The European Project for Ice Coring in Antarctica (EPICA) is a consortium of laboratories and Antarctic logistics operators from ten nations. Its goal is to recover two deep ice cores in East Antarctica. The study of one core (EDML) from Kohnen Station in the Dronning Maud Land sector of Antarctica is aimed at producing a high-resolution record of at least one glacial–interglacial cycle in the sector of Antarctica facing the Atlantic Ocean, for comparison with Greenland records. The second core (EDC) from Dome C, discussed here, is aimed at producing a record of the longest time period possible.


The Dome C site has an ice thickness of 3,309 meters. The first core was recovered with a drilling depth of 3,190 m, of which 3,139 m had been analyzed at the time of this paper for several constituents including deuterium excess, delta-oxygen-18, and atmospheric CO2 and CH4. This ice core provides a climate record for the past 740,000 years.

EPICA DOME C ice cores
EPICA DOME C ice cores
EPICA Dome C ice core record
(a) Calculated insolation. Upper blue curve (left axis), mid-July insolation at 65° N; lower black curve (right axis), annual mean insolation at 75°S (the latitude of Dome C).
(b) delta-deuterium from EPICA Dome C (3,000-yr averages). Vostok delta-Deuterium (red) is shown for comparison and some MIS stage numbers are indicated.
(c) Marine delta-oxygen-18 isotope record - solid blue line and dashed red line
(d) Dust from EPICA Dome C.

For the four most recent glacial cycles, the data agree well with the record from Vostok. The earlier period, between 740,000 and 430,000 years ago, was characterized by lower temperatures in interglacial periods in Antarctica, but the interglacial was a greater proportion of each glacial/interglacial cycle.

Antarctic Vostok and EPICA Dome C ice cores have provided a composite record of atmospheric carbon dioxide levels over the past 650,000 years. Results of the lowest 200 meters of the Dome C ice core extend the record of atmospheric carbon dioxide concentration by two complete glacial cycles to 800,000 years before present. It analysis reveals that atmospheric carbon dioxide is strongly correlated with Antarctic temperature throughout eight glacial cycles. Between 650,000 and 750,000 yr before present CO2 concentrations were significantly lower than in the more recent cycles.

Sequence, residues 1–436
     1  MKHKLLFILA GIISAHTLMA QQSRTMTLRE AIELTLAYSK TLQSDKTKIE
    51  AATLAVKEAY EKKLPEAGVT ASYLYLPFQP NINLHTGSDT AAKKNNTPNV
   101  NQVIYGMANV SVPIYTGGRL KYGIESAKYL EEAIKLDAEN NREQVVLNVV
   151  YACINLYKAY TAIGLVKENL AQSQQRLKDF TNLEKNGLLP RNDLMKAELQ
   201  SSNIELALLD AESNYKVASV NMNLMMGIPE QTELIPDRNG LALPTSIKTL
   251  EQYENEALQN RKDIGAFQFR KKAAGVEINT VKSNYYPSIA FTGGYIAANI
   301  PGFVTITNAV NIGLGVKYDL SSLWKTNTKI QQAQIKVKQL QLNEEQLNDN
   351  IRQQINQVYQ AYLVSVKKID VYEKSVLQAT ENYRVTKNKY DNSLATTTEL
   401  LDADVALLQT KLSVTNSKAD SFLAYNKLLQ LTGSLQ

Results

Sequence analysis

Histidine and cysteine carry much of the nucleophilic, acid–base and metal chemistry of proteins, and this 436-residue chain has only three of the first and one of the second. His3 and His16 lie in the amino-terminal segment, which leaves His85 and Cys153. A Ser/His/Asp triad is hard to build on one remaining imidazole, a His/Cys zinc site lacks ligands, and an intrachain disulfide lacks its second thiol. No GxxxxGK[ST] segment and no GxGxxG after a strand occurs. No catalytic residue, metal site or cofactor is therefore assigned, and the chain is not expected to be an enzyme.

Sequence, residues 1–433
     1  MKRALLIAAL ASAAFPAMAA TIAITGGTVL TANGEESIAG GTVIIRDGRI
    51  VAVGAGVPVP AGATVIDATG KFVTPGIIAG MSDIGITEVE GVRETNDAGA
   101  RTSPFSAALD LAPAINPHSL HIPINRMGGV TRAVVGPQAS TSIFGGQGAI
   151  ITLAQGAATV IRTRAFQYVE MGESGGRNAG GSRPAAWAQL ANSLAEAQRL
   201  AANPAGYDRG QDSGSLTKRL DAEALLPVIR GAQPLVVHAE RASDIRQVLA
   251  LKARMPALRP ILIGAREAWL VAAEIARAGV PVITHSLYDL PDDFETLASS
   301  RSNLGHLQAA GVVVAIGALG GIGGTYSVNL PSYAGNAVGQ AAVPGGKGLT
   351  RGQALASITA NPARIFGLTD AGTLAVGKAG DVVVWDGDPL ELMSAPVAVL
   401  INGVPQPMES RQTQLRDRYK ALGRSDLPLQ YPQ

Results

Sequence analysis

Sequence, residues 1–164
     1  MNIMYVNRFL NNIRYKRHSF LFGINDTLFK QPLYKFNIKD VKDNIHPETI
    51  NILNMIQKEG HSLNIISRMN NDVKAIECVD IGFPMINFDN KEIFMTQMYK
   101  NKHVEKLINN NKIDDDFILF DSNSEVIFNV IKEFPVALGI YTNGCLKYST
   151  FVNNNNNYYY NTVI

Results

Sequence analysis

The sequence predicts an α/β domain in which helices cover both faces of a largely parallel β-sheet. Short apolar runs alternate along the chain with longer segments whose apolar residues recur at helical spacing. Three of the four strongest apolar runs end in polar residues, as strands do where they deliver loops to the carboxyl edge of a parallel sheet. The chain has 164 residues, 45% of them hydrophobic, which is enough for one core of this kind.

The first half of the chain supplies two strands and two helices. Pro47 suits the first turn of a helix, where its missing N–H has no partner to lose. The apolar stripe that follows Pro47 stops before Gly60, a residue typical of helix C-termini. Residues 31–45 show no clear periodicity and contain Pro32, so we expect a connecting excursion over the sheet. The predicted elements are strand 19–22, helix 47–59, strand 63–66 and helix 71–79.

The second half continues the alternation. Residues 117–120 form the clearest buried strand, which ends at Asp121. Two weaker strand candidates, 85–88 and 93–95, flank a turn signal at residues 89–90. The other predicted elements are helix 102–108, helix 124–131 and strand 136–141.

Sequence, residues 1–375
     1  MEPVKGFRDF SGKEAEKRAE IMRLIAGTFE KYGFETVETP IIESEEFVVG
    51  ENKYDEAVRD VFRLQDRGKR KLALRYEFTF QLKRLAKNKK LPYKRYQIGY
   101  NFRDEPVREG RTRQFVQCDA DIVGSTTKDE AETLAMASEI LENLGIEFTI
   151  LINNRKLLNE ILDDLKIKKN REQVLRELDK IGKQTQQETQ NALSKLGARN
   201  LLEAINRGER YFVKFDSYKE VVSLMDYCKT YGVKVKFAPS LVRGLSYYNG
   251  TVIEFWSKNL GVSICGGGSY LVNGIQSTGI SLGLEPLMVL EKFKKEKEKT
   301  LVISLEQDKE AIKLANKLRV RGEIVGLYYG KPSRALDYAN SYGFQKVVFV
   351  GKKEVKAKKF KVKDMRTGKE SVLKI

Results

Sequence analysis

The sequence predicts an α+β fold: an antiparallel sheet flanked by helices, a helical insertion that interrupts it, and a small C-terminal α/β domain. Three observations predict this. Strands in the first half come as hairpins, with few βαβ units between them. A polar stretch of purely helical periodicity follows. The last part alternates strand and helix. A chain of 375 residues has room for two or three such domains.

Temperature and CO2 over 800,000 years
Temperature and CO2 over 800,000 years
Comparison of temperature and CO2
Temperature from Dome C with respect to the mean temperature of the last millennium (black curve)
CO2 from Dome C (solid circles in purple, blue, black; red open circles), Taylor Dome (brown) and Vostok (green).
Horizontal lines are mean values of temperature and CO2 for the time periods 799–650, 650–450, 450–270 and 270–50 kyr bp.
Glacial terminations are indicated using Roman numerals in subscript; Marine Isotope Stages (MIS) are given in italic Arabic numerals. Source Lüthi et al. 2007

Analysis of an interglacial similar to present

The transition from glacial to interglacial conditions about 430,000 years ago (Termination V) resembles the transition into the present interglacial period in terms of the magnitude of change in temperatures and greenhouse gases, but there are significant differences in the patterns of change.
Observations for Termination V
Observations for Termination V

Observations for Termination V.
CO2 (circles); CH4 (diamonds) ; delta-deuterium (black line); dust (line with crosses).
Event 1, CO2 peak/delta-D peak; Event 2, CO2 early increase/delta-D early increase.

The interglacial stage following Termination V was exceptionally long—28,000 years compared to, for example, the 12,000 years recorded so far in the present interglacial period. Given the similarities between this earlier warm period and today, the results may imply that without human intervention, a climate similar to the present one would extend well into the future.

Editor's comments

This paper reports the results of analyses of ice cores drilled 3,139 m deep at the Dome C station in eastern Antarctica. From the ice cores it is possible to determine CO2, CH4 and dust concentrations and isotopic composition which can be used to estimate air temperature. The record extends over eight glacial-interglacial cycles. The results for the most recent four glacial-interglacial cycles show a strong correlation with Vostok. The authors draw attention to the fifth termination which has some important interglacial to the current interglacial. The fifth interglacial was also the longest, lasting about 28,000 years.


Eight glacial cycles from an Antarctic ice core, EPICA community members, Nature 429, 623-628 (10 June 2004)

High-resolution carbon dioxide concentration record 650,000–800,000 years before present, Dieter Lüthi, Martine Le Floch, Bernhard Bereiter, Thomas Blunier, Jean-Marc Barnola, Urs Siegenthaler, Dominique Raynaud, Jean Jouzel, Hubertus Fischer, Kenji Kawamura & Thomas F. Stocker, Nature 453, 379-382 (15 May 2008) doi:10.1038/nature06949